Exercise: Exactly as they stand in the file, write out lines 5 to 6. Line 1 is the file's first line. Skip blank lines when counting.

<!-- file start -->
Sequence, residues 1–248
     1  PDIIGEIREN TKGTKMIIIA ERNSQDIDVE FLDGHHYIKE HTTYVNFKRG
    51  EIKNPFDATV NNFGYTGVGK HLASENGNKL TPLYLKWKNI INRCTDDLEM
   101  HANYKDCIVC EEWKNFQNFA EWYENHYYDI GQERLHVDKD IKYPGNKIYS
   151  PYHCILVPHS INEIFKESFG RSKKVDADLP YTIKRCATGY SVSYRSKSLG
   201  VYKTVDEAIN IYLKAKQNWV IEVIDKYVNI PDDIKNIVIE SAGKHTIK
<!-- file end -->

   151  PYHCILVPHS INEIFKESFG RSKKVDADLP YTIKRCATGY SVSYRSKSLG
   201  VYKTVDEAIN IYLKAKQNWV IEVIDKYVNI PDDIKNIVIE SAGKHTIK